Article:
Sprint Responds to Customer Data & Law Enforcement Flap
Sprint has issued a statement in response to reports criticizing the firm for handing over customer GPS data to law enforcement. Sprint says that the "8 million" figure represents the total number of times its network was pinged for GPS data. Those millions of bits of data, however, represent information from only a few thousand customer accounts. A single investigation can account for thousands of pings to Sprint's networks. A Sprint spokesperson noted that law enforcement and other government agencies only request information such as in missing persons cases, genuine emergencies, criminal investigations, or instances when a customer consents to sharing information. Sprint spokesperson Matt Sullivan said, "In all cases we require a valid legal request appropriate for the circumstances, meaning the request must be accompanied by either a subpoena, court order or customer consent." Sprint is not alone in this practice. All wireless carriers share customer information with law enforcement agencies when the need is mandated.
Law Enforcement Could Use CLOUD Act to Skirt 4th Amendment
The CLOUD Act would give law enforcement both at home and abroad new access to Americans' personal data in violation of the Fourth Amendment, according to the Electronic Frontier Foundation. The CLOUD Act (H.R.
Supreme Court Weighing Warrants for Cell Phone Location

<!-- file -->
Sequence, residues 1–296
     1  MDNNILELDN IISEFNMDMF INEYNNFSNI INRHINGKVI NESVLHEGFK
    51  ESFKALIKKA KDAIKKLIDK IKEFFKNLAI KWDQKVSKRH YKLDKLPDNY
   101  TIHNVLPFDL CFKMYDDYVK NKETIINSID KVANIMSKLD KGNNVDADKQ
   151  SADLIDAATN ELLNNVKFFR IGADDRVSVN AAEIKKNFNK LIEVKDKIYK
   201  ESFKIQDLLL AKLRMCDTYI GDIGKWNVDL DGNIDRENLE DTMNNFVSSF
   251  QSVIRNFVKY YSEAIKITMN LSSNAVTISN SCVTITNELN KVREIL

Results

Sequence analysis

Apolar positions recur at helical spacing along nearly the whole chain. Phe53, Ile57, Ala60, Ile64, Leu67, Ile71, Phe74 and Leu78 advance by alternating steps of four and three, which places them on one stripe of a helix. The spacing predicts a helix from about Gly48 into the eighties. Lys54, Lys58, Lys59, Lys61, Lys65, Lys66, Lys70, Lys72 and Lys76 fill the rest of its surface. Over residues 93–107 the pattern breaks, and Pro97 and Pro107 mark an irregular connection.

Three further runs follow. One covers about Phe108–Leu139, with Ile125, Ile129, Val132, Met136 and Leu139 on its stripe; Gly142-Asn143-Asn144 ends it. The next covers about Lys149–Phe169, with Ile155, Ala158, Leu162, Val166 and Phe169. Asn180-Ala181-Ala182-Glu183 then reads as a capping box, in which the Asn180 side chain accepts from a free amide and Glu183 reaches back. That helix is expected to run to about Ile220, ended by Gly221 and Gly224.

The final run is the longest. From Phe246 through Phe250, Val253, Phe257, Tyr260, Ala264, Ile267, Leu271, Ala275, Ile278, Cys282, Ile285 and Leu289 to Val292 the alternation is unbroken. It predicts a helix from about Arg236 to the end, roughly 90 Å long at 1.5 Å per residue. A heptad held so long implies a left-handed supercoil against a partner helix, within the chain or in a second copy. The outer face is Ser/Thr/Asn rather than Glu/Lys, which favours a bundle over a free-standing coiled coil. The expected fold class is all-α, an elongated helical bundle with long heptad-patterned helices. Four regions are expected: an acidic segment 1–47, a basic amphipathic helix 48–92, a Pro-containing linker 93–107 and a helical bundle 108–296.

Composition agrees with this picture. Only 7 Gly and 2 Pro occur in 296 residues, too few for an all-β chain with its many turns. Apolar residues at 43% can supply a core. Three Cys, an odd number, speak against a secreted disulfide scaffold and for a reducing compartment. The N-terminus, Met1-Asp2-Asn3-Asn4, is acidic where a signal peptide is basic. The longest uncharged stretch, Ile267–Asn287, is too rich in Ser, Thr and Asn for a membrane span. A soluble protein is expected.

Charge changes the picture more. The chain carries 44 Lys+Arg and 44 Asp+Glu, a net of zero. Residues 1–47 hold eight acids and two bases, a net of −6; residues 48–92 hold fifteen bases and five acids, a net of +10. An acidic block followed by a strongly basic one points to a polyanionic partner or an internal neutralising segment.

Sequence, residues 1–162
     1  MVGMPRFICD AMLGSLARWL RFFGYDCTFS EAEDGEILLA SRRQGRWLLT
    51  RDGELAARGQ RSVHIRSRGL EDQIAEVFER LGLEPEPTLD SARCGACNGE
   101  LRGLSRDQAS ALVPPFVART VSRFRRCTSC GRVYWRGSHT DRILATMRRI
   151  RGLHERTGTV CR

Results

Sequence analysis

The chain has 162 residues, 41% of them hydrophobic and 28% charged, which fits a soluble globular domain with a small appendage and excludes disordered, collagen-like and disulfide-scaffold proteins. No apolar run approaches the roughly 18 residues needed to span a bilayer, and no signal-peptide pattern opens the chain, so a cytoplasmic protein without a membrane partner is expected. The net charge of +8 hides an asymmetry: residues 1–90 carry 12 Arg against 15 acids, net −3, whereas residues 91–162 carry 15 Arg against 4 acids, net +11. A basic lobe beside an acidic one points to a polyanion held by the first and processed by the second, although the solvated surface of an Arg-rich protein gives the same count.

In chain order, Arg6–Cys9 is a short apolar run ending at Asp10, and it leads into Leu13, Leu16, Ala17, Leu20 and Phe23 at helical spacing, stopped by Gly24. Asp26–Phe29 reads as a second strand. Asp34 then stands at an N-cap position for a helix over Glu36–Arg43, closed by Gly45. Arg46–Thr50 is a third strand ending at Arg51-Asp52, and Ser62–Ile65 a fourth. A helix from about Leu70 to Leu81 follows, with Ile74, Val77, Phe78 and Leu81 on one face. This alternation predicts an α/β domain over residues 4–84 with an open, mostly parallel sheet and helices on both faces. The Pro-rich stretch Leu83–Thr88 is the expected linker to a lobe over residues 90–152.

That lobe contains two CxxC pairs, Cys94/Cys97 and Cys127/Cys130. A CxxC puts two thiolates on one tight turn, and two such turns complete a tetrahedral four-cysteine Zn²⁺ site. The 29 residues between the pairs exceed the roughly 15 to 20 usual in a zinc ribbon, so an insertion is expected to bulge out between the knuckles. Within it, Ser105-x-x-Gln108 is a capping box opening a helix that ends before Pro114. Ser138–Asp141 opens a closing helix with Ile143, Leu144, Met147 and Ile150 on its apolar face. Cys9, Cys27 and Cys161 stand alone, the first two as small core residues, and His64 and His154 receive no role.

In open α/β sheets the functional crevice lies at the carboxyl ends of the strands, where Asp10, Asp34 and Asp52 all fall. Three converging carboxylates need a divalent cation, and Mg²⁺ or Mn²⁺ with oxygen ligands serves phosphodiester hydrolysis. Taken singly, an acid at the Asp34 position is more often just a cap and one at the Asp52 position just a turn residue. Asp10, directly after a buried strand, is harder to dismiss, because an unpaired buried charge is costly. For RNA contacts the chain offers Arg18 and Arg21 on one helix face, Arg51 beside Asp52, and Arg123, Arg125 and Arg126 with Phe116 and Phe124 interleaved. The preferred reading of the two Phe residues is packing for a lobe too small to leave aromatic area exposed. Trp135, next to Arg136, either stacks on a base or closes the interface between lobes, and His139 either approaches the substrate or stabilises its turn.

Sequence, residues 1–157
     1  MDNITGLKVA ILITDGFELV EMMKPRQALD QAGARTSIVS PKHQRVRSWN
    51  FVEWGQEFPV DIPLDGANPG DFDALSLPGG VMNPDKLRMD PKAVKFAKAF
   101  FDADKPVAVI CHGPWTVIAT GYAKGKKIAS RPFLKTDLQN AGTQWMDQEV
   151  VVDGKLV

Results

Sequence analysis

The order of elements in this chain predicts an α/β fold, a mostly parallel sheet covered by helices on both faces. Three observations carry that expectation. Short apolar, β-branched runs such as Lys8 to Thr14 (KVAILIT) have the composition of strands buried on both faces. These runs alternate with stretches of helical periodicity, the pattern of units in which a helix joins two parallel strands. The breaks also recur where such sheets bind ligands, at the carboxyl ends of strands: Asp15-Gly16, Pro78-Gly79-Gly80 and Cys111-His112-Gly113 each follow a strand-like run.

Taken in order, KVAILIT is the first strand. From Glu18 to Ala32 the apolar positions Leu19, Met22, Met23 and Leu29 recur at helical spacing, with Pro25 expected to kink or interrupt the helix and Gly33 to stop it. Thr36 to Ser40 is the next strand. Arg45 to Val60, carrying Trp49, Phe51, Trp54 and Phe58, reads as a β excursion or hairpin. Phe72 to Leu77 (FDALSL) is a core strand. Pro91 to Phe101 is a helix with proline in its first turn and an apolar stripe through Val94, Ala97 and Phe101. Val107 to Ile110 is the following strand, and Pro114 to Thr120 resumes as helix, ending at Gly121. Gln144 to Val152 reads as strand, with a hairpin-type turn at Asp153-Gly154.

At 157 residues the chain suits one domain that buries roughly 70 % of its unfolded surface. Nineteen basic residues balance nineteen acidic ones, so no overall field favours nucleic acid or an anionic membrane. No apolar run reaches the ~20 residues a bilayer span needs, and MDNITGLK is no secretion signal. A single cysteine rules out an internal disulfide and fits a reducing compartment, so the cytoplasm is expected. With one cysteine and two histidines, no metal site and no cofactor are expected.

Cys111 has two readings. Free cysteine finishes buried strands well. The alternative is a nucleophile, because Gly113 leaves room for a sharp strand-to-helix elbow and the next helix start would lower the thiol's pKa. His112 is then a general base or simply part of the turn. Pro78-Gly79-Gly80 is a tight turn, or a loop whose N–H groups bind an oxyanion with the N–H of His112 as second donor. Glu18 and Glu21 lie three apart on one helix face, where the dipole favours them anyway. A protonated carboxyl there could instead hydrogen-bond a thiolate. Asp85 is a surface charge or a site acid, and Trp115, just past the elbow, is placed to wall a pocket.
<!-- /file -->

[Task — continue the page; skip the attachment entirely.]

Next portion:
The Supreme Court today heard a case regarding whether or not law enforcement can access certain types of cell location data without a warrant. Government agencies do not currently need a warrant when requesting location and other data held by phone companies thanks to a 1979 court case.
House Panel Says Stingrays Need Federal Guidelines
The House Oversight and Government Reform Committee, a bipartisan panel, this week recommended that the federal government pass rules to manage the use stingrays and other cell-site simulating devices. The panel said in a report that law enforcement agencies have varying and inconsistent rules for the use of such devices.
Supreme Court to Weigh Accessibility of Cell Location Data
The Supreme Court today said it will hear a case regarding whether or not law enforcement can access certain types of cell location data without a warrant. As it stands today, the government does not need to get a warrant when seeking location and other information held by phone companies.
FCC Fines Sprint for Building Cell Sites without Proper Review
The FCC today said it has reached a settlement with Sprint and Sprint's partner Mobilitie regarding the improper completion of cell tower sites. The FCC says the companies failed to complete the proper tower registration and environmental and historic impact reviews before building some cell sites.
Typical hippies slamming our gov't....
PRESIDent Mr. Balack Dalaama, not BUSH.!!!!!!!
If you're up to no good you should be caught